The first step in helping a child manage troubling feelings is to put yourself in the child's place. In his all-time classic child-rearing manual, Baby and Child Care, Dr. Spock demonstrated the merits of such an exercise. Paraphrasing him, I, too, would recommend that you imagine being in the following situation: Your husband comes home one day and says to you, "I love you so much and love being married, so I have decided to bring home a second wife. I will love you both equally. I have enough love to go around. It is because you have been such a joy that I want to do this again."

The momentary feelings of jealousy and helplessness that come over most wives while reading this vignette is what most older children feel when a new baby arrives. That doesn't mean parents should feel guilty for bringing a new baby home. Nevertheless, it is a shock. And it's not easy to share parents' love and attention. As long as we understand that, it should be easier to make the adjustment to the birth of a sibling less problematic.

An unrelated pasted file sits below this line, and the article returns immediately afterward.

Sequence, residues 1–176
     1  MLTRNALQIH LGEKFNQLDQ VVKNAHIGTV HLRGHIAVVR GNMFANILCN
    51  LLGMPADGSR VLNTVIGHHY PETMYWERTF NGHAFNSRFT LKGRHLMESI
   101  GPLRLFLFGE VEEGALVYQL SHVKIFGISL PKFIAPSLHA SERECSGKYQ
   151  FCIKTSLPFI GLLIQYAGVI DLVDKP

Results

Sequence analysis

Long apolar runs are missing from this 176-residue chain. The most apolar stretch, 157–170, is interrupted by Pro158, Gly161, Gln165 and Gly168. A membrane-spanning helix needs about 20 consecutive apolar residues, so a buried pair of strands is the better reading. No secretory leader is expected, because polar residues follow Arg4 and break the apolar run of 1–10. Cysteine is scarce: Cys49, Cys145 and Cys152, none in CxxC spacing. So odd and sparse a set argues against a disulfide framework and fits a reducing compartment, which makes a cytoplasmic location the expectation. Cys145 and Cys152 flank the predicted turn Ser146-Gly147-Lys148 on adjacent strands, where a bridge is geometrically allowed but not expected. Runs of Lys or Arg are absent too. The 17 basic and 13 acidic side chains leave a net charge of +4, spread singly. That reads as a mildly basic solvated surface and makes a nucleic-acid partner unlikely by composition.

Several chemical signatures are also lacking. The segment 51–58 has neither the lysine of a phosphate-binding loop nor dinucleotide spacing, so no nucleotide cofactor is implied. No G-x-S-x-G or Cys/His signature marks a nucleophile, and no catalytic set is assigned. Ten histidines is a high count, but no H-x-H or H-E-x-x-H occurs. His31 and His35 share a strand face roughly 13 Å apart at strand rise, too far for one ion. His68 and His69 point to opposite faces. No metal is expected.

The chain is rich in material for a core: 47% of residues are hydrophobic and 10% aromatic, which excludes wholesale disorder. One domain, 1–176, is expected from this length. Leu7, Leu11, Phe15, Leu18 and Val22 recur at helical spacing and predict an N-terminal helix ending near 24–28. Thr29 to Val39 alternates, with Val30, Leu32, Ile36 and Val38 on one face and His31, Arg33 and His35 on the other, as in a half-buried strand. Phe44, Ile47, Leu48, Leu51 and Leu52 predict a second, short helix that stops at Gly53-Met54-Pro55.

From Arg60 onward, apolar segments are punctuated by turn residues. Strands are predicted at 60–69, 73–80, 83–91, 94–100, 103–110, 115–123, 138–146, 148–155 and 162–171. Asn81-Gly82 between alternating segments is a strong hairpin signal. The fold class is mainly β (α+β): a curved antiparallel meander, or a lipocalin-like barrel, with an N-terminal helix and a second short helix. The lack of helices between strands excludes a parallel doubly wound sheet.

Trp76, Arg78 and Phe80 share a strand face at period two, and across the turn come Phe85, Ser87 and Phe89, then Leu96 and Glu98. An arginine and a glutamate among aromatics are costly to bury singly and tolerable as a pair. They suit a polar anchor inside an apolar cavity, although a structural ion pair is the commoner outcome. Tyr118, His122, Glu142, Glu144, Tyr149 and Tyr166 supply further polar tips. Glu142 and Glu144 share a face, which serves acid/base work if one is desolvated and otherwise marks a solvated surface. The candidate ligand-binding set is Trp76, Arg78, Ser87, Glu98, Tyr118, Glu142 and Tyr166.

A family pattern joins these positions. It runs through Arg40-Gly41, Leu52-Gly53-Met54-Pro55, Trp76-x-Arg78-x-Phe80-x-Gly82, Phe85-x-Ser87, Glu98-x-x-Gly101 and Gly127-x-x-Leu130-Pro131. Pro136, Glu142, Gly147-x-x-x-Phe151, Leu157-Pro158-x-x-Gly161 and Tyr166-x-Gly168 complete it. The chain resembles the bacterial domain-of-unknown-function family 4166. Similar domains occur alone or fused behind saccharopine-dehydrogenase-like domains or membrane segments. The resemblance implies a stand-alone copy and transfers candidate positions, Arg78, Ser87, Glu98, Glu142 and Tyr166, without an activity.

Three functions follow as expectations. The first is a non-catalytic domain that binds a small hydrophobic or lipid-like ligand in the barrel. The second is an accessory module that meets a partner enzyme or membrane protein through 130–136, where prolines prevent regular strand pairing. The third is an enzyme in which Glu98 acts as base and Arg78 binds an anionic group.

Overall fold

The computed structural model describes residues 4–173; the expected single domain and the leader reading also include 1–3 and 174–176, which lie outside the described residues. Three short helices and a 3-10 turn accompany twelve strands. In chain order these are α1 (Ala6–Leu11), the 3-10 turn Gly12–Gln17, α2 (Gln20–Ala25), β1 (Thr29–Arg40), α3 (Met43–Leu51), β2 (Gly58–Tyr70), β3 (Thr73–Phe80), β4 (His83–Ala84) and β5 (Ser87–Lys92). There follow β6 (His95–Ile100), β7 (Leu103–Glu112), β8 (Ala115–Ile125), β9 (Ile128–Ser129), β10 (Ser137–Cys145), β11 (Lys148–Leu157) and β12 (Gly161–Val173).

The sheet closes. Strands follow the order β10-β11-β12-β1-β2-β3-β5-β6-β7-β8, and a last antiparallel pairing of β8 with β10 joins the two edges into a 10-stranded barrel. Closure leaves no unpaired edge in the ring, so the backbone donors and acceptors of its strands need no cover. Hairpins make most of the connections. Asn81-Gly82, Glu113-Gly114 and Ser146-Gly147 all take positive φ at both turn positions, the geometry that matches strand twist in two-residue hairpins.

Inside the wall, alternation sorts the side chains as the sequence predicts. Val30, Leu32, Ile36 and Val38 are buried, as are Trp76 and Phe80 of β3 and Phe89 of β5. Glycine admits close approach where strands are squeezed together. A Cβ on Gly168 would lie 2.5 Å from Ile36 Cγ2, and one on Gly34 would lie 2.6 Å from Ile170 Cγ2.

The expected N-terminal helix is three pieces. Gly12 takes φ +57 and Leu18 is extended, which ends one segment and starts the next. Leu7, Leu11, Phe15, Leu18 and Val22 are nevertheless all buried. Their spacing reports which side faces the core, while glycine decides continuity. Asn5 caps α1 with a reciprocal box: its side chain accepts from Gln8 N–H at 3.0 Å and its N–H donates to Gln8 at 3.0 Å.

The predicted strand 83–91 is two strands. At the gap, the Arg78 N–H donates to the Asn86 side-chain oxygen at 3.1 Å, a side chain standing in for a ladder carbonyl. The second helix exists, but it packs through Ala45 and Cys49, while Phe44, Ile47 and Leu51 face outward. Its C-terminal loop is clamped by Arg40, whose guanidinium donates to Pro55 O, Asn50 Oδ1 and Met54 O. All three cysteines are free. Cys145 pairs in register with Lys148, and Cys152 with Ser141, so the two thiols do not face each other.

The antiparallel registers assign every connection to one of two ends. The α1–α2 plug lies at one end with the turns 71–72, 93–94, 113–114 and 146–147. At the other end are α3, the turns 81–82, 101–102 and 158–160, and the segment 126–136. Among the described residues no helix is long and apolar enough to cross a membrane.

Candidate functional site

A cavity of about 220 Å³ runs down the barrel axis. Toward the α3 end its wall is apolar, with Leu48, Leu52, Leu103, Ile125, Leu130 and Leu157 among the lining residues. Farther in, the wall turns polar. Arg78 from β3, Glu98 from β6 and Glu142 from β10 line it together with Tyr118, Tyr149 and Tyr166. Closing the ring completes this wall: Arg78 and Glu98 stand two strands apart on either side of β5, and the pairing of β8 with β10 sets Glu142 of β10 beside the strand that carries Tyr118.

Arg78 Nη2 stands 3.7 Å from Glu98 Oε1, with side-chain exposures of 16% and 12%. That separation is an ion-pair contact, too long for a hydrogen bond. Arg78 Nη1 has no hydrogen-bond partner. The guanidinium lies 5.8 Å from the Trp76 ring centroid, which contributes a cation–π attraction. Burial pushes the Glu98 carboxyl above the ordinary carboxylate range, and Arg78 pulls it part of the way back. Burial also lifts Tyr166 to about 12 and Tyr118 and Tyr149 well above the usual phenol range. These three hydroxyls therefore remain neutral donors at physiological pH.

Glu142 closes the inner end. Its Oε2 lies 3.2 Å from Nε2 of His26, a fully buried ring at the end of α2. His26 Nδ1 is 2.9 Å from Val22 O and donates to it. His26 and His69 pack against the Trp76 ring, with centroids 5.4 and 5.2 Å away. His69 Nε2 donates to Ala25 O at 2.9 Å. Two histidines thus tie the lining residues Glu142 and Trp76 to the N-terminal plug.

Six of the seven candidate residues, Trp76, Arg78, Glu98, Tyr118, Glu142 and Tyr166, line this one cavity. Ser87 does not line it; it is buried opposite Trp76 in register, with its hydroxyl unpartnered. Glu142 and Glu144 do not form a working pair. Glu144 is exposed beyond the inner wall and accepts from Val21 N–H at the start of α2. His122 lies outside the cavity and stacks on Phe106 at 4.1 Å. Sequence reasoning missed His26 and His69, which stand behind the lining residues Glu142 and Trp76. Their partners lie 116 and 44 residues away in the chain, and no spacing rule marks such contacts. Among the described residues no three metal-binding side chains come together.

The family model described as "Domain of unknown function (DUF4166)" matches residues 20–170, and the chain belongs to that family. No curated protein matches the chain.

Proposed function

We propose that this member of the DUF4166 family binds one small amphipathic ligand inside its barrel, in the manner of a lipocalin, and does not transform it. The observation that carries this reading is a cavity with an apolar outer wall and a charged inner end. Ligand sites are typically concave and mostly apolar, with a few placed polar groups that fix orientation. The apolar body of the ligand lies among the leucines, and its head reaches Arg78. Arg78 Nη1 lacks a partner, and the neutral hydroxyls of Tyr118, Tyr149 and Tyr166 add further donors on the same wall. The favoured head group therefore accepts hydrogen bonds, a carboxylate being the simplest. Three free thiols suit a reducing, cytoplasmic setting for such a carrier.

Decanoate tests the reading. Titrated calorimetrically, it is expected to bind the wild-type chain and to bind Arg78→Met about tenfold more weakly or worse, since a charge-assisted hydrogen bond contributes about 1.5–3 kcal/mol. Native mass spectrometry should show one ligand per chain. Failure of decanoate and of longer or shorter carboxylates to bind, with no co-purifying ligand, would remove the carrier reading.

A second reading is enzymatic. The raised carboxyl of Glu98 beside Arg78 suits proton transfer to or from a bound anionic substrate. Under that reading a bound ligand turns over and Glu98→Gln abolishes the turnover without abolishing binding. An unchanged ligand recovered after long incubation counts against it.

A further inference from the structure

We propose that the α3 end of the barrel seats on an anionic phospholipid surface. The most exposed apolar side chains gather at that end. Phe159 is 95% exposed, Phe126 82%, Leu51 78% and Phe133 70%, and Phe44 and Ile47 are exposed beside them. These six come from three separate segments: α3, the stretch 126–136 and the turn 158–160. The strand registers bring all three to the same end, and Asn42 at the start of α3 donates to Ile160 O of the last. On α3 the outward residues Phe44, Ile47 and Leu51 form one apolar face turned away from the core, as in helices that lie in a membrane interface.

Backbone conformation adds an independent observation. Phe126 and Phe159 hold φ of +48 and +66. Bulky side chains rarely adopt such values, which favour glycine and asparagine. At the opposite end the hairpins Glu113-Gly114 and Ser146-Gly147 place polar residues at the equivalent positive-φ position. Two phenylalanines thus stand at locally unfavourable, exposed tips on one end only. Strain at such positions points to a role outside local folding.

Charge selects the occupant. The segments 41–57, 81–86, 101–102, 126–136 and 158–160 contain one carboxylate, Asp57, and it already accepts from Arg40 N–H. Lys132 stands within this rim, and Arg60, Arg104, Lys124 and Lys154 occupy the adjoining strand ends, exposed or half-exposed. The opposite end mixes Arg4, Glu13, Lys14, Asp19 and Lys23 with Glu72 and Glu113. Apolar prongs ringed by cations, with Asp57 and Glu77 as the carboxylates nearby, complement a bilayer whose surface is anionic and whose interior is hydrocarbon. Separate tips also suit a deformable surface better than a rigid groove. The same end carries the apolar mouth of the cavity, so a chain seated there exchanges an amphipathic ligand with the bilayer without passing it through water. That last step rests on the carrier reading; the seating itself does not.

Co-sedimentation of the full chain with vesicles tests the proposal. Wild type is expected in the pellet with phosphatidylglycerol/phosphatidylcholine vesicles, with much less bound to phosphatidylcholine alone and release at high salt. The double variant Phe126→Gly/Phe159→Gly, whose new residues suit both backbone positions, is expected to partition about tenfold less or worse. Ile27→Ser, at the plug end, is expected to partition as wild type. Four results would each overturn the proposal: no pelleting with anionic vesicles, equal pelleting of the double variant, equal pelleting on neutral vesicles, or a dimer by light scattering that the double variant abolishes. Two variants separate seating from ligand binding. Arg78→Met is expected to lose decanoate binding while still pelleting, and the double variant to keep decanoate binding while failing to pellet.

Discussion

When it seems appropriate, adults can point out how much better it is to be a big boy who can ride a bike than it is to be a baby who just eats, sleeps, and cries all day long. Teachers and parents should try to spend more time being play partners with the sibling of a new baby. Allow the child to take the lead, and don't be alarmed if he plays out some of his aggressive feelings. Accept what is expressed, and raise gentle questions about possible resolutions as you play.